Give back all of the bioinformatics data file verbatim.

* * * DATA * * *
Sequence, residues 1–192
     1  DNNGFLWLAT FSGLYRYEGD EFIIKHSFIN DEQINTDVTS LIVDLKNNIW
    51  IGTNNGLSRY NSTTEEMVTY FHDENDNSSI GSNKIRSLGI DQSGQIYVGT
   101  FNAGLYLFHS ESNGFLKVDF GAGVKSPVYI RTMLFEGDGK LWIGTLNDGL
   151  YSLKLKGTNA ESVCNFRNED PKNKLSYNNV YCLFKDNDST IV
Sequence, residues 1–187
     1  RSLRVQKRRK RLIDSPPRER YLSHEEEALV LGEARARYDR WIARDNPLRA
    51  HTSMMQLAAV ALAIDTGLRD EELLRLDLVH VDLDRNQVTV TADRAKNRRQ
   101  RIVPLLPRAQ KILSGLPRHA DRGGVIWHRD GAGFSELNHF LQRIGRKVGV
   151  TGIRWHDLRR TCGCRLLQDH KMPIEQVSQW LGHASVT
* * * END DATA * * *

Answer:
Sequence, residues 1–192
     1  DNNGFLWLAT FSGLYRYEGD EFIIKHSFIN DEQINTDVTS LIVDLKNNIW
    51  IGTNNGLSRY NSTTEEMVTY FHDENDNSSI GSNKIRSLGI DQSGQIYVGT
   101  FNAGLYLFHS ESNGFLKVDF GAGVKSPVYI RTMLFEGDGK LWIGTLNDGL
   151  YSLKLKGTNA ESVCNFRNED PKNKLSYNNV YCLFKDNDST IV
Sequence, residues 1–187
     1  RSLRVQKRRK RLIDSPPRER YLSHEEEALV LGEARARYDR WIARDNPLRA
    51  HTSMMQLAAV ALAIDTGLRD EELLRLDLVH VDLDRNQVTV TADRAKNRRQ
   101  RIVPLLPRAQ KILSGLPRHA DRGGVIWHRD GAGFSELNHF LQRIGRKVGV
   151  TGIRWHDLRR TCGCRLLQDH KMPIEQVSQW LGHASVT